Archive for November, 2010

Involuntary Commitment / PA Mental Health Act

Friday, November 19th, 2010

I recently represented a client facing a 180 day involuntary commitment to the Mental Health facility at Wernersville State Hospital under section 305 of the Pennsylvania Mental Health Act. After testimony before a Mental Health Hearing Officer the period of potential commitment was reduced to 30 days. Clearly, a favorable result for my client. While she will continue to recieve the treatment that she needs she will not be facing the possibility of a long stay in a restirictive facility.
Title 50 addresses mental health law in Pennsylvania. The law provides for the involuntary examination and treatment of individuals who, due to mental illness, lack the capacity to care for their personal needs to the extent that they pose a danger to themselves or others. The statutes can be found at 50 P.S. Section 7301 through 7305. Each section provides for examination by a physician and a period of time for which the commitment may last.
Individuals facing a 303, 304 or 305 hearing have the right to an attorney to represent them. It is particularly important for individuals and/or families of individuals facing involuntary commitment to hire an attorney to represent their interests. As with any situation where your liberty interests are at stake, you need to be prepared to present your best case.
Myself and my partners at Ebner, Nevins & McAllister have extensive experience representing individuals with mental health diagnosis. We are sensitive to the delicate nature of many of these cases and will zealously advocate for your interests. Please contact our office for a free consultation.

Kutztown University Student Gets ARD in Felony Aggravated Assault Case

Wednesday, November 17th, 2010

This past week I represented a Kutztown University student at an ARD Hearing in Berks County Court.  An ARD Hearing is a fairly simple hearing at which the Judge places a defendant on the Accelerated Rehabilitative Disposition Program, which is run by the Berks County Adult Probation Department.  If the program is successfully completed, the case against the defendant gets dismissed and any record of the case gets expunged.

Although the ARD Hearing itself didn’t take much time, the prior procedural history of the case is particularly noteworthy and complex.  Back in September of 2009, our client got into a verbal altercation with with another individual on the streets of Kutztown.  After some arguing back and forth, our client punched the other individual one (1) time in the face.  With that one (1) punch, our client knocked the other individual to the ground, causing some serious injuries that required medical treatment and surgery.  Importantly, our client did not continue to fight with the other individual.  It was one (1) punch, nothing more and nothing less.

Our client, who had never been in any trouble whatsoever prior to this incident, was arrested and charged with aggravated assault under 18 Pa.C.S.A. 2702(a)(1), a felony of the first degree, and simple assault under 18 Pa.C.S.A. 2701(a)(1).  Based on these serious charges, our client was facing a standard range sentence of somewhere around 4-8 years in state prison.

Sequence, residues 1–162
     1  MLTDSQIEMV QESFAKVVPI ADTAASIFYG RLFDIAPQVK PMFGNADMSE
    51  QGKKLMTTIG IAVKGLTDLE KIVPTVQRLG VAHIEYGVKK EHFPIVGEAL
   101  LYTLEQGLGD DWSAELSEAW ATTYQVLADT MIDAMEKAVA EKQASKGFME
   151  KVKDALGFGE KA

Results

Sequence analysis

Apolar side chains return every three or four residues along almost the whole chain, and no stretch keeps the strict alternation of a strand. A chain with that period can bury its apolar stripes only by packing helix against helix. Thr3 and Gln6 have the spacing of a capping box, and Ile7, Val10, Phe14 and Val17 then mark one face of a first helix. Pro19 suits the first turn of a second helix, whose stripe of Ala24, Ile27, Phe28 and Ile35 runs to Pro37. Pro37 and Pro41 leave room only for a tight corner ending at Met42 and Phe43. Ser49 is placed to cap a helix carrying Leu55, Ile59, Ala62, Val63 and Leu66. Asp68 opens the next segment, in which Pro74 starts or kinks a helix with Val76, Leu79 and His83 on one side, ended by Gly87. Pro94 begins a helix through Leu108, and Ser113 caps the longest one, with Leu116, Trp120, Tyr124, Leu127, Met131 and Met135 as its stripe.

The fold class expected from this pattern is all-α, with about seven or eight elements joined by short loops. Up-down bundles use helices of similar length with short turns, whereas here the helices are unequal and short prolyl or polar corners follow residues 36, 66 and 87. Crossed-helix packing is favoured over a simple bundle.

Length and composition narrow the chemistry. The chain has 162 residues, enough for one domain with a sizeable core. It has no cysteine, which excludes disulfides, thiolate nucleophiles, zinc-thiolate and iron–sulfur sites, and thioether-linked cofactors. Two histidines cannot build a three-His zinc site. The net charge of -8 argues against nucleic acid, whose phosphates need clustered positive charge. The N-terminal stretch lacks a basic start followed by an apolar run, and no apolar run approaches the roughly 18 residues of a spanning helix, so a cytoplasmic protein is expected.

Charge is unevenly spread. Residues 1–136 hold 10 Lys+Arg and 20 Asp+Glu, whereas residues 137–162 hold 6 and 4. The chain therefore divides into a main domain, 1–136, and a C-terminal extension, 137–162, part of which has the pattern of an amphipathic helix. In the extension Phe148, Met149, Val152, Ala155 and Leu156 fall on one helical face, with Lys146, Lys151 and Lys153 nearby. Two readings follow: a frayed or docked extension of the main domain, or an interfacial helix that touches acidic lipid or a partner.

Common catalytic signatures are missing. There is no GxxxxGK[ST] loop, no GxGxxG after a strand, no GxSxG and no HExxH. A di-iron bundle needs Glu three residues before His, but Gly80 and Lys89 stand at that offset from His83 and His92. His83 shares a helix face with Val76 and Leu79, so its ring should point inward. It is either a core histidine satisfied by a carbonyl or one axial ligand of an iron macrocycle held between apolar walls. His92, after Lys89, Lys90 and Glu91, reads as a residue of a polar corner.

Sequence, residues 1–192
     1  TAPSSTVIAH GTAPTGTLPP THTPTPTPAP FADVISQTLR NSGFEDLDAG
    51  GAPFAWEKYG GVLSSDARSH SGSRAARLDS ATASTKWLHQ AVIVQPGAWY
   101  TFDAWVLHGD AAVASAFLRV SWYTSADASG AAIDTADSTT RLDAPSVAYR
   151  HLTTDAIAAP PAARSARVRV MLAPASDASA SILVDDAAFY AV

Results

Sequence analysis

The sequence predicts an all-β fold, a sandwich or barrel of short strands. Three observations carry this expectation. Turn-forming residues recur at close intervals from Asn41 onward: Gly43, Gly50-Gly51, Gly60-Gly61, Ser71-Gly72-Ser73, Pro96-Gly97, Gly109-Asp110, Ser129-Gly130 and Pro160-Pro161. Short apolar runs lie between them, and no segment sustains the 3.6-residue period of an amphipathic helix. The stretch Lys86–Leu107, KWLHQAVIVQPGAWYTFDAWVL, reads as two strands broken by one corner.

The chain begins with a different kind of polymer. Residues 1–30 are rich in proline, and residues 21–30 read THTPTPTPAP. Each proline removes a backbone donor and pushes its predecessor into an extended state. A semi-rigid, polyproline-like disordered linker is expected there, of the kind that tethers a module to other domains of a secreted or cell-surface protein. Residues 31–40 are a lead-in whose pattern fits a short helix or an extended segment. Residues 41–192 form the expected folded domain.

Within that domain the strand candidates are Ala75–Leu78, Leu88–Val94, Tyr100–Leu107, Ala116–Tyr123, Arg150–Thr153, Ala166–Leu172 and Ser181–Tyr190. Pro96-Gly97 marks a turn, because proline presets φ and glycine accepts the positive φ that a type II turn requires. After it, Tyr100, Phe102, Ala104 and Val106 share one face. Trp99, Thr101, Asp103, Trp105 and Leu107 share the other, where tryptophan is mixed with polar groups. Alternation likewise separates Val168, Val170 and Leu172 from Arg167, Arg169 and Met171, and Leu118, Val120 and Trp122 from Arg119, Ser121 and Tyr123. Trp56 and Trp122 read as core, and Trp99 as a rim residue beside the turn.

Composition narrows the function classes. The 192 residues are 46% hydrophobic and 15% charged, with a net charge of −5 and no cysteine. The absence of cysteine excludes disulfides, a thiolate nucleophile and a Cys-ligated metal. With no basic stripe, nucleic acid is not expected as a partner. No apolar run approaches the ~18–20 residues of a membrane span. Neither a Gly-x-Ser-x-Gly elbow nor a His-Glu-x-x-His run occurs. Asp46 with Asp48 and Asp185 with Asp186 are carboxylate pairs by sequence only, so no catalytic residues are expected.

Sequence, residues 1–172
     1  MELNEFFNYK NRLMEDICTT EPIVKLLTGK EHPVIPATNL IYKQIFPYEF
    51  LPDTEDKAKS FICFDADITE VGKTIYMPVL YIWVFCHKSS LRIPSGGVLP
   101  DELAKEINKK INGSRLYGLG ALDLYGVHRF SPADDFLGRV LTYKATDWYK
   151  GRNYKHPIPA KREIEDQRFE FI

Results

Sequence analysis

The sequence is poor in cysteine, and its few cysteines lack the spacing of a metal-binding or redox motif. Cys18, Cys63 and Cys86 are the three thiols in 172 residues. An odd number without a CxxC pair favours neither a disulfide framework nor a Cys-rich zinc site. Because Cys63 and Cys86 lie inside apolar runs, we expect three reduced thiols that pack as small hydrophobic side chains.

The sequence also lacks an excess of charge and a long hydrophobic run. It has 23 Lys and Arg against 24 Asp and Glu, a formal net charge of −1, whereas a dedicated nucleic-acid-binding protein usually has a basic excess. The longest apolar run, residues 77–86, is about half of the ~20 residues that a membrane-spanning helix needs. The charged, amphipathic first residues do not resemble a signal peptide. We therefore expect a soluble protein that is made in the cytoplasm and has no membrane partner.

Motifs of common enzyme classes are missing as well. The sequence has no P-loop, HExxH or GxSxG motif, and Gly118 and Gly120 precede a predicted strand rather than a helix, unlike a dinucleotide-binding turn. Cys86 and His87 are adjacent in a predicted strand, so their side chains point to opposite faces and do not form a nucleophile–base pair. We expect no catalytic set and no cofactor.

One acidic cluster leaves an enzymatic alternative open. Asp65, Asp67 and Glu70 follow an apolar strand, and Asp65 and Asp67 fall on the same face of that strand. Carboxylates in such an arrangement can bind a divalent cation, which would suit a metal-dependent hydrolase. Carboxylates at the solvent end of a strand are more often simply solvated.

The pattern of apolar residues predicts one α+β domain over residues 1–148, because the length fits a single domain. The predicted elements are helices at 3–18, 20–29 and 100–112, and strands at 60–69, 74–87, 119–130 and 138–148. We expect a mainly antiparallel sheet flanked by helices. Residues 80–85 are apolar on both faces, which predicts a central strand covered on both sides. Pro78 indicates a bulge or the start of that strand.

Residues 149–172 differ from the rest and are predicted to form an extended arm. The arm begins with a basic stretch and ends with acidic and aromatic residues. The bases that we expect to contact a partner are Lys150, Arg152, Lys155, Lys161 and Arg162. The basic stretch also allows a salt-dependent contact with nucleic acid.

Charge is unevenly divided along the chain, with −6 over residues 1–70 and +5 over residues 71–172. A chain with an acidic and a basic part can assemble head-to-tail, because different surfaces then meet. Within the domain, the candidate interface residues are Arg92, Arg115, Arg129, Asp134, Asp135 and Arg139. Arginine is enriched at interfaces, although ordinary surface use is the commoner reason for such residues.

Attorney Liz Ebner handled the preliminary hearing and the negotiations prior to the ARD Hearing.  Based in part on Attorney Ebner’s research of Pennsylvania state caselaw, Attorney Ebner was able to convince the District Attorney’s Office to withdraw the charge of aggravated assault.  Even though the threat of a state prison sentence had been removed for our client, he was still in the unfortunate position of potentially having a misdemeanor conviction on his record for the rest of his life.  A simple assault conviction would have serious consequences for our client, who was a criminal justice major and was looking to pursue a career in the public sector.

Therefore, Attorney Ebner next sought to get our client approved for the ARD Program.  Although it can be difficult to get defendants placed on the ARD Program for violent offenses, let alone violent offenses where a felony was originally charged, Attorney Ebner wanted to exhaust every last option for our client.  Attorney Ebner wrote out a detailed letter to the Berks County District Attorney explaining the situation of our client.  After numerous back and forth negotiations, Attorney Ebner was able to secure the ARD Program for our client under the following circumstances: (1) our client must pay full restitution to the victim in the case, who did not have health insurance, and (2) our client must be under strict supervision on the ARD Program for a period of 24 months.  Any violation of ARD Program rules, and our client will be immediately kicked off of the ARD Program.

Our client was originally facing a felony of the first degree with a 4-8 year state prison sentence.  By the end of the case, our client will serve 24 months on the ARD Program, with the possibility of earning a full expungement of his charges and arrest record.  After two (2) years, there will be no record of this unfortunate event, and our client will be able to pursue the career of his choice without being labeled a “criminal”.

He was, of course, extremely happy with the outcome of his case.

Getting a Name Change in Berks County

Friday, November 12th, 2010

Over the course of my career, I’ve helped several different clients get their name formally changed through the courts.  Under Pennsylvania law, a Petition for a Change of Name must be filed in the Court of Common Pleas in the County in which the Petitioner resides.  To start the process, several documents are written up and filed at the Office of the Berks County Prothonotary; there is also a filing fee of $192.90.  Shortly after the documents are filed, the Judge that is assigned to handle the case will issue a court order stating the time, date, and location of a hearing on the Change of Name Petition.